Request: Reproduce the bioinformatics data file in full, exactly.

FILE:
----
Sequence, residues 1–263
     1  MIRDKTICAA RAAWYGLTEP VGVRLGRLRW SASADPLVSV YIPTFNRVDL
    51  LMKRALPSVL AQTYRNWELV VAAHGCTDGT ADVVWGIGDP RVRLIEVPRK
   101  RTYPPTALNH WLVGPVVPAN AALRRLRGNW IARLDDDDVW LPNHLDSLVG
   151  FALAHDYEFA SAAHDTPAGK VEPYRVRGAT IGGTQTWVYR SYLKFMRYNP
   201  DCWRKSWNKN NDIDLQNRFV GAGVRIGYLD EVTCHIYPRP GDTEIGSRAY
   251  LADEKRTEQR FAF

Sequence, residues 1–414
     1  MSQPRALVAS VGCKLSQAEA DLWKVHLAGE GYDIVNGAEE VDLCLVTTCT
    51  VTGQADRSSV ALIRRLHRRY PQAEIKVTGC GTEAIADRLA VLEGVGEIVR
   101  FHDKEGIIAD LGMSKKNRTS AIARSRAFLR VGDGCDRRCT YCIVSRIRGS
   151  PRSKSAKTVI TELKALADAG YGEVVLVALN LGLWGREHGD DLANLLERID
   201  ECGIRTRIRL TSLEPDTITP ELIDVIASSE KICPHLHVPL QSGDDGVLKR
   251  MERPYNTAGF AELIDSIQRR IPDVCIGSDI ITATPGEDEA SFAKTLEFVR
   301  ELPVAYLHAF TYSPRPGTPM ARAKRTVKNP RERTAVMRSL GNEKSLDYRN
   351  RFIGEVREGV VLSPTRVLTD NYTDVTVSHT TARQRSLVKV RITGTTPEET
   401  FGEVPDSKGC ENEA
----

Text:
Sequence, residues 1–263
     1  MIRDKTICAA RAAWYGLTEP VGVRLGRLRW SASADPLVSV YIPTFNRVDL
    51  LMKRALPSVL AQTYRNWELV VAAHGCTDGT ADVVWGIGDP RVRLIEVPRK
   101  RTYPPTALNH WLVGPVVPAN AALRRLRGNW IARLDDDDVW LPNHLDSLVG
   151  FALAHDYEFA SAAHDTPAGK VEPYRVRGAT IGGTQTWVYR SYLKFMRYNP
   201  DCWRKSWNKN NDIDLQNRFV GAGVRIGYLD EVTCHIYPRP GDTEIGSRAY
   251  LADEKRTEQR FAF

Sequence, residues 1–414
     1  MSQPRALVAS VGCKLSQAEA DLWKVHLAGE GYDIVNGAEE VDLCLVTTCT
    51  VTGQADRSSV ALIRRLHRRY PQAEIKVTGC GTEAIADRLA VLEGVGEIVR
   101  FHDKEGIIAD LGMSKKNRTS AIARSRAFLR VGDGCDRRCT YCIVSRIRGS
   151  PRSKSAKTVI TELKALADAG YGEVVLVALN LGLWGREHGD DLANLLERID
   201  ECGIRTRIRL TSLEPDTITP ELIDVIASSE KICPHLHVPL QSGDDGVLKR
   251  MERPYNTAGF AELIDSIQRR IPDVCIGSDI ITATPGEDEA SFAKTLEFVR
   301  ELPVAYLHAF TYSPRPGTPM ARAKRTVKNP RERTAVMRSL GNEKSLDYRN
   351  RFIGEVREGV VLSPTRVLTD NYTDVTVSHT TARQRSLVKV RITGTTPEET
   401  FGEVPDSKGC ENEA